I love you Mama.  Mama is the light of my life and always will be. I really love Mama and I will keep on loving her until the end of the Universe. My Mama taces (takes) care of me.
Little flowers and trees and birds and smiley faces drawn all over the place on the cards.  Cards made from little scraps of paper. Crayons. Glue.  Supplies that I complained about putting away.

So the prayer for the day--Lord, help me remain in the moment with my family, help me balance their needs with my wishes.  Balance their wishes with my needs too.  Help balance me, my kids and all the other mothers and kids too.  Amen.

Tuesday, May 3, 2011

Death, Taxes, and Laundry

These are the so called things we can't avoid.  I added the laundry part.  Laundry may not be as bad as death and taxes but it is right up there.  Every Monday I set out to climb "Mount Laundry."  Armed with Tide, Clorox, and a toothbrush, like others before me, I journey forth.  If I am am lucky by the afternoon I've at least gotten to base camp.  If it takes till Tuesday the oxygen starts getting a little thin. Wednesday brings altitude sickness for sure. . where oh where is my Sherpa?   A certain percentage of climbers never return.

The four of us Kotrbas are even pretty frugal about our clothes pile.  We use the same towels over and over.  Kids wear the same play clothes.  Bill swims so he doesn't have a bunch of sweaty workout clothes.  I don't exactly get filthy dirty teaching piano, so I can wear things more than once. We still have our own little Everest by the end of the weekend.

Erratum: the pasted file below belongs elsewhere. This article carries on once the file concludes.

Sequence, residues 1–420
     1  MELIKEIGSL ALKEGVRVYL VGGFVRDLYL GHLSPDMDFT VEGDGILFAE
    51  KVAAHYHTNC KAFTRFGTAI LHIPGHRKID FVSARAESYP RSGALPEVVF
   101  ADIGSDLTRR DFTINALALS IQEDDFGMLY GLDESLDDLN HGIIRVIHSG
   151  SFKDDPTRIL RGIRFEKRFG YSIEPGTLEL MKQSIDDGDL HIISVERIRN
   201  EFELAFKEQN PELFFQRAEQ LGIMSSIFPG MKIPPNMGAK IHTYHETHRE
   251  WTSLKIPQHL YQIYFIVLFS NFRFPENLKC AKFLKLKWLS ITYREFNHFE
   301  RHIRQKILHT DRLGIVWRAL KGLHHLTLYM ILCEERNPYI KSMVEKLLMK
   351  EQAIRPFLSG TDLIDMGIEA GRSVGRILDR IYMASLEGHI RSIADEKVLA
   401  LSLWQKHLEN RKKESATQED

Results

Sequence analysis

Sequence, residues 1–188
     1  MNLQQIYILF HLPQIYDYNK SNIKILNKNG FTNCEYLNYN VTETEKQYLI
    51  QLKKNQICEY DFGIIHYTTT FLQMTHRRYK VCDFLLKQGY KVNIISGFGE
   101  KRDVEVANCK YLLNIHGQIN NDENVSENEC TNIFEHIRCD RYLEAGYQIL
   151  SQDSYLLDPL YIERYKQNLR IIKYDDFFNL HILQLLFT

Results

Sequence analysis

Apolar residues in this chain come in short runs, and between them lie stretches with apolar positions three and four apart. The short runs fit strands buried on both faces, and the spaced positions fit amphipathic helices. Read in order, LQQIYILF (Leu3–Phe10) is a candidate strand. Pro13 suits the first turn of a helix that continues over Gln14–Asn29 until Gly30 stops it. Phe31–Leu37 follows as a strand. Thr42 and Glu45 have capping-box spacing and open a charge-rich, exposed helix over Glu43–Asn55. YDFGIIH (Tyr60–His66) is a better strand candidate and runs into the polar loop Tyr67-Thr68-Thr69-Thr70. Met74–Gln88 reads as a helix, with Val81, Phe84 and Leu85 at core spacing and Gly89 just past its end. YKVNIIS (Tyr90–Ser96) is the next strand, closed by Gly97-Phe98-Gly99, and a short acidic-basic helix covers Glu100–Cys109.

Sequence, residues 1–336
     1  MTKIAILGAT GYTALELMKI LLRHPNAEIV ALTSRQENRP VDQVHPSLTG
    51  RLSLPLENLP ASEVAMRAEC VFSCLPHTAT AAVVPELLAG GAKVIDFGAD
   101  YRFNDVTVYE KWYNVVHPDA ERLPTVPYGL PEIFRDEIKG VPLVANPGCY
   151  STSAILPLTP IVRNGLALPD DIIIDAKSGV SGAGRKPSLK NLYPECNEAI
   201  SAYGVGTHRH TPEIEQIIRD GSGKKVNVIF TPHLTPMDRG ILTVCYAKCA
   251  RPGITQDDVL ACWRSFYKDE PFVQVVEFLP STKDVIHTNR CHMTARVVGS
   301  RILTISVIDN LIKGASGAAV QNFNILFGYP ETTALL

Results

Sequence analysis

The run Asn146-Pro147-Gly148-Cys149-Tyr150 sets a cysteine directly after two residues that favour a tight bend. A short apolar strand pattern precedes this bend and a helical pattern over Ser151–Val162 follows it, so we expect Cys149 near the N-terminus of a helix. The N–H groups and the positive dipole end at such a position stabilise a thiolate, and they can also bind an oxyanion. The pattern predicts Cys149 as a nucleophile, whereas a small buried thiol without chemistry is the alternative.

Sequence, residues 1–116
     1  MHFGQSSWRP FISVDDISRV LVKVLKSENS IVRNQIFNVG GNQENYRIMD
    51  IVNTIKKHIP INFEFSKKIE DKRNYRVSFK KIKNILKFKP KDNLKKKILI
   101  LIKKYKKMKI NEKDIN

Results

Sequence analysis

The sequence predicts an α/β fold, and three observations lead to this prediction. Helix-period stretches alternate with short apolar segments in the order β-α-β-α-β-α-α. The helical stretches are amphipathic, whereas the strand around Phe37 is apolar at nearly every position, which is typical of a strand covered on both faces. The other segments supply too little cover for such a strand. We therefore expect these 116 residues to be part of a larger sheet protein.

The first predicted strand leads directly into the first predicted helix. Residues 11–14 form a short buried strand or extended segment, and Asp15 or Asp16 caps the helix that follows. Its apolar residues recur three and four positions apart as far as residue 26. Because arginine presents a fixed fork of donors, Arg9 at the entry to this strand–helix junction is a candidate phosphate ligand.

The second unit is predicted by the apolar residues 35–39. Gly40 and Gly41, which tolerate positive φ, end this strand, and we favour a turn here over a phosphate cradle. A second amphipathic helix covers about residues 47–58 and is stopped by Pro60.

I saved a little money and I thought, maybe for a treat, just for a couple weeks I should hire someone to do the laundry.  Problem.  I'm too psycho.  A control freak. What if someone else doesn't get the chocolate pudding out of Mary's new skirt.  What if. . .  as if I'm the only person who knows the deep dark secret stains of my family.  Seriously, the only person on this earth I would truly trust to do the laundry is my dear sister Susan.  She alone understands.  I laughed aloud when she warned me to avoid tendinitis while spotting the clothes with Tide and the toothbrush.  I think she understands because we have the same mother.  At least once a year I get the tearful phone call from my mom.  She spilled bleach on her favorite new jeans.  She accidentally got the red napkin in the load of whites.  (Actually that was my college boyfriend, who worked at a restaurant with red napkins, he inevitably washed a newly dyed red napkin in every white load, turning all his socks and underwear pink. Not that I know this--about the underwear--first hand.) The point is that my mother flails at laundry.

In all fairness, she is a rebel from her own mother.  These things skip a generation. "Mama (my grandma) washy better" was honestly one of my first sentences.  Out of the mouths of babes.  Mama was psycho too.  She would only wash one "good" top in a load.  Not green. Grandpa's farm clothes had a whole separate washing machine.  She stood by the drier to make sure nothing got scorched.  My socks were white when I stayed there.  Underwear were washed in the linen delicate fabric wash from Dayton's. What is it called? I can smell it in my mind.  I'm sure we distributed several cases when we cleaned out her house.

When my mom was here helping us after each of my babies was born, she did the laundry.  Post-partum hormones mixed with someone else folding shirts into the wrong size and stuffing them into the drawer was a bad combination for me.  After all these years we have come to a pretty comfortable arrangement. I truly appreciate everything my mother does for me, except the laundry.